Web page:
1/2 (2.5 ml) teaspoon cayenne pepper
Fine kosher salt or sea salt


1. Dissolve the yeast in 1/4 cup (60 ml) warm water and stir until creamy.

2. Combine the semolina and salt in a large bowl and make a well in the center. Add the 1 1/2 Tbsps (22 ml) olive oil and the egg to the well. Gradually add the yeast and 2/3 cup plus 2 Tbsps (188 ml total) warm water, bringing in the semolina as you go along. Knead until you have a rough ball of dough.

3. Remove the dough to a lightly floured work surface. Knead for 3 minutes. Invert the bowl over the dough and let rest for 15 minutes. Knead for about 2 to 3 minutes more. Cover with a damp kitchen towel and let rest while the filling is prepared.

4. Make the filling: Heat the oil in a sauté pan over medium-high heat. Add the onion and cook until golden. Add the tomatoes, chopped peppers, harissa, and cayenne. Season with salt to taste and cook, stirring occasionally, until the bell pepper is soft and the sauce is very thick. Remove from the heat and set aside.

5. Divide the dough into two pieces and shape each piece into a ball. Place on a lightly floured work surface, cover with plastic wrap, and let rest for 15 minutes.

6. Preheat the oven to 400F (205C). Roll out one ball of dough until it is 1/4 inch (0.6 cm) thick. Using a 3 1/2 inch (8.9 cm approx) pastry cutter, cut out as many circles of dough as possible and set aside. Briefly knead the extra dough together, and place under the plastic wrap, next to the other ball of dough. Turn the circles over and place 1 tsp (5 ml) of filling in the middle of half of the circles. Cover with the remaining plain circles and press on the edges to seal. Flatten the breads slightly by hand and pinch the edges to flatten further and seal well. Brush with olive oil on both sides and transfer to a non-stick baking sheet, or to a baking sheet lined with parchment paper or silicone pastry mat. Cover with a damp kitchen towel. continue making the breads until the dough, including the scraps, is used up.

7. Bake for 12 to 15 minutes, until lightly crisp and golden. Transfer to a wire rack to cool. Serve warm.

Note: To pan-fry the breads, heat a little oil in a large pan over medium-high heat. When the oil is hot, place as many breads as will fit in the pan, brush the tops with olive oil, and cook for 3 to 5 minutes, until golden on the bottom, pressing on the breads if they puff up. Turn the breads over, brush the cooked bottoms with oil, and cook for 3 minutes more, or until golden all over. Serve immediately.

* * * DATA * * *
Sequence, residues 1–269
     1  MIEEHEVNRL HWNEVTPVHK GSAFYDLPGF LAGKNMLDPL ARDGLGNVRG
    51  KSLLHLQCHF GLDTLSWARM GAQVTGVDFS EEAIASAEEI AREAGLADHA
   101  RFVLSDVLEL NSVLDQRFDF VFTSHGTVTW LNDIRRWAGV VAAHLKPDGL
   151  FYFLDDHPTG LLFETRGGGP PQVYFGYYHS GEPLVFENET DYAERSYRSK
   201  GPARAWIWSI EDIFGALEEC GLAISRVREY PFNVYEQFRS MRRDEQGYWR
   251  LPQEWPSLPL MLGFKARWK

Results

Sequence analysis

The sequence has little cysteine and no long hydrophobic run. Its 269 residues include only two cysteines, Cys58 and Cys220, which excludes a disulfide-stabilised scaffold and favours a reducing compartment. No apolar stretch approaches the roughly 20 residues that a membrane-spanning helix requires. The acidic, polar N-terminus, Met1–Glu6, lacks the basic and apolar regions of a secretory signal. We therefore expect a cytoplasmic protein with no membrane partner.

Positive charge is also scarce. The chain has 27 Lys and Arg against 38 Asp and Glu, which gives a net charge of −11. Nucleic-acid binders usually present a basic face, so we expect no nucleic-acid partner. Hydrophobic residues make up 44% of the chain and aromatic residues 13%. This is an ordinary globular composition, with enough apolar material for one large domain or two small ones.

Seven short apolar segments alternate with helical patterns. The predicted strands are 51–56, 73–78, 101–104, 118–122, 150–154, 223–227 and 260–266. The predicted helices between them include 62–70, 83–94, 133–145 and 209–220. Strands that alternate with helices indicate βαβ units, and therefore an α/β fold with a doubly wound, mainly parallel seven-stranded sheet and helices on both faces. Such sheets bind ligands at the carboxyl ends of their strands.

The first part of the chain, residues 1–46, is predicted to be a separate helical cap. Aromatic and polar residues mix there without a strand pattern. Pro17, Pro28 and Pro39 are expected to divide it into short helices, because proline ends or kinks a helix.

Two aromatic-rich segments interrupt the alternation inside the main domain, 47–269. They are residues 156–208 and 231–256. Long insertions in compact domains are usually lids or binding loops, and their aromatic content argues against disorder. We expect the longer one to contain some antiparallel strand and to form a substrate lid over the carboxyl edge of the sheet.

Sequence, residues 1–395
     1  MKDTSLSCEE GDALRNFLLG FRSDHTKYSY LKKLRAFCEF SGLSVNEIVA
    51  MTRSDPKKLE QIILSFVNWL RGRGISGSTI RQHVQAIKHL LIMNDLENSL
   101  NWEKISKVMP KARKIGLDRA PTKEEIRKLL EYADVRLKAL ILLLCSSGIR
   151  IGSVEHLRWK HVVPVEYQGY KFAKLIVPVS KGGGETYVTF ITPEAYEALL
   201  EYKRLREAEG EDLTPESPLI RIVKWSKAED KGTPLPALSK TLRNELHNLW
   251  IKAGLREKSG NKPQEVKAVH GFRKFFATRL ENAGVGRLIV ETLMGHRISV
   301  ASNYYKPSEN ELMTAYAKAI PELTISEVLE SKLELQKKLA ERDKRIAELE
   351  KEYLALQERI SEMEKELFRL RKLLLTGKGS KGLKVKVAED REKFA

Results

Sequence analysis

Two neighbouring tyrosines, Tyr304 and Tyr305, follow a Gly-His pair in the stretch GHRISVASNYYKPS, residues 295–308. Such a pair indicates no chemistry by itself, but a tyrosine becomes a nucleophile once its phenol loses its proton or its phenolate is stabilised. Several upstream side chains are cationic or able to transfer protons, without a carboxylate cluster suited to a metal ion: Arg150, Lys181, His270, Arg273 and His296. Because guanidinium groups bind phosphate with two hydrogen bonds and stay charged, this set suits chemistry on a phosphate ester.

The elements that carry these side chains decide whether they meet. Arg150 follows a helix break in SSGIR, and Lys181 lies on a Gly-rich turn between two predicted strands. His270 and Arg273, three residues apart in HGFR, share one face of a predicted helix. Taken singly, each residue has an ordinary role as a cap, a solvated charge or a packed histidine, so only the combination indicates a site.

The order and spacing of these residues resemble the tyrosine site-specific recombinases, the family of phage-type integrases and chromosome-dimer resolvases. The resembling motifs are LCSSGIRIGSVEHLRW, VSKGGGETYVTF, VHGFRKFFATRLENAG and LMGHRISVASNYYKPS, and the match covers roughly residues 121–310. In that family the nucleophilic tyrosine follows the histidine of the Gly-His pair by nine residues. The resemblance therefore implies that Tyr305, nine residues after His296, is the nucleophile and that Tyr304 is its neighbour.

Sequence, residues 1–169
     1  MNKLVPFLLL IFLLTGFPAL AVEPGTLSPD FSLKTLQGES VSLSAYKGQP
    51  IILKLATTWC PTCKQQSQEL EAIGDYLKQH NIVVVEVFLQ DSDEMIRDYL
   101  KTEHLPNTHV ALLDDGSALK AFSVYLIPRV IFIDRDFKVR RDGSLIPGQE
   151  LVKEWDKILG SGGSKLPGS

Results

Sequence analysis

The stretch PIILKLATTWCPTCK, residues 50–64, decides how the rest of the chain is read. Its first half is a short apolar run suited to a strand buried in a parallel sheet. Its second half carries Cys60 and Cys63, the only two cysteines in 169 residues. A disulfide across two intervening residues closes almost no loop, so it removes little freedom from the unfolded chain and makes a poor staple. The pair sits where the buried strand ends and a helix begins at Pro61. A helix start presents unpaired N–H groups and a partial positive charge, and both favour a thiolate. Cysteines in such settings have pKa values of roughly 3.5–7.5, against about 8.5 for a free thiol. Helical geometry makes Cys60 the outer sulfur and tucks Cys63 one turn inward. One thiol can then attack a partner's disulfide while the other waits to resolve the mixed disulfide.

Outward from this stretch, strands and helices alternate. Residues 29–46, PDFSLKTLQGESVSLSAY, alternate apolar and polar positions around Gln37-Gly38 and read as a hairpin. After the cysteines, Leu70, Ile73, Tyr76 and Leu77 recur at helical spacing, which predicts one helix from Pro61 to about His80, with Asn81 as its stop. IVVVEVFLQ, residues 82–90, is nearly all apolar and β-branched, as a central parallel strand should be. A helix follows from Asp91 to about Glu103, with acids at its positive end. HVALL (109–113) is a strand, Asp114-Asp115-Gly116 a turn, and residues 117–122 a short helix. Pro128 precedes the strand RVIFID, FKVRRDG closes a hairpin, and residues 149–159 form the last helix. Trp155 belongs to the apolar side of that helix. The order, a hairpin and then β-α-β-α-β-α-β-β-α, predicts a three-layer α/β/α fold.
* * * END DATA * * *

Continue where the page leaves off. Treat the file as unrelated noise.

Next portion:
April 2010 Bread Baking Babes Bread Recipe:

Potato Bread with Chives
from Vegan Planet by Robin Robertson

"The addition of mashed potatos gives this bread a moist, dense texture and delicate flavor that is accented by that of the chives. This bread is best eaten slightly warm from the oven on the day it is made. It is also good toasted."

2 1/4 tsp (1 packet) active dry yeast
1 cup warm water
1 tsp sugar or pure maple syrup
2 Tb corn oil
2 tsp salt
1 cup cold mashed potatos
1 cup soy milk or other dairy free milk
5 cups unbleached all purpose flour, plus more for kneading
2 Tb minced fresh chives

In a large bowl, combine the yeast and 1/4 cup of the water. Add the sugar and stir to dissolve. Let the mixture stand for 10 minutes, then stir in the remaining 3/4 cup of water, the corn oil and the salt. Mix in the potatos, then stir in the soy milk. Add about half the flour, stirring to combine, then work in the remaining flour to form a stiff dough. Transfer to a lightly floured board.

Lightly flour your hands and work surface. Knead the dough well until it is smooth and elastic, 8 to 10 minutes, using more flour as necessary so the dough does not stick. Place in a large lightly oiled bowl and turn over once to coat with oil. Cover with a clean kitchen towel or lightly oiled piece of plastic wrap. Let rise in a warm place until doubled in bulk, 1 to 2 hours.

Meanwhile, lightly oil a large baking sheet and set aside. Punch the dough down and knead lightly. Turn out onto a lightly floured work surface, sprinkle with the chives, and knead until the dough is elastic and the chives are well distributed, 3 to 5 minutes. Shape the dough into one large or two small round loaves and place on the prepared baking sheet. Flatten slightly and cover with a clean damp towel or lightly oiled plastic wrap. Set aside in a warm place and let rise again until doubled in bulk, about 45 minutes.

Preheat the oven to 400'F. Use a sharp knife to cut an X into the top of the loaf or loaves. Bake on the center oven rack until golden brown, 35 to 45 minutes, depending on size. Tap on the bottom of the loaf or loaves - if they sound hollow, the bread is done. Remove from the sheet and let cool slightly on a wire rack before slicing.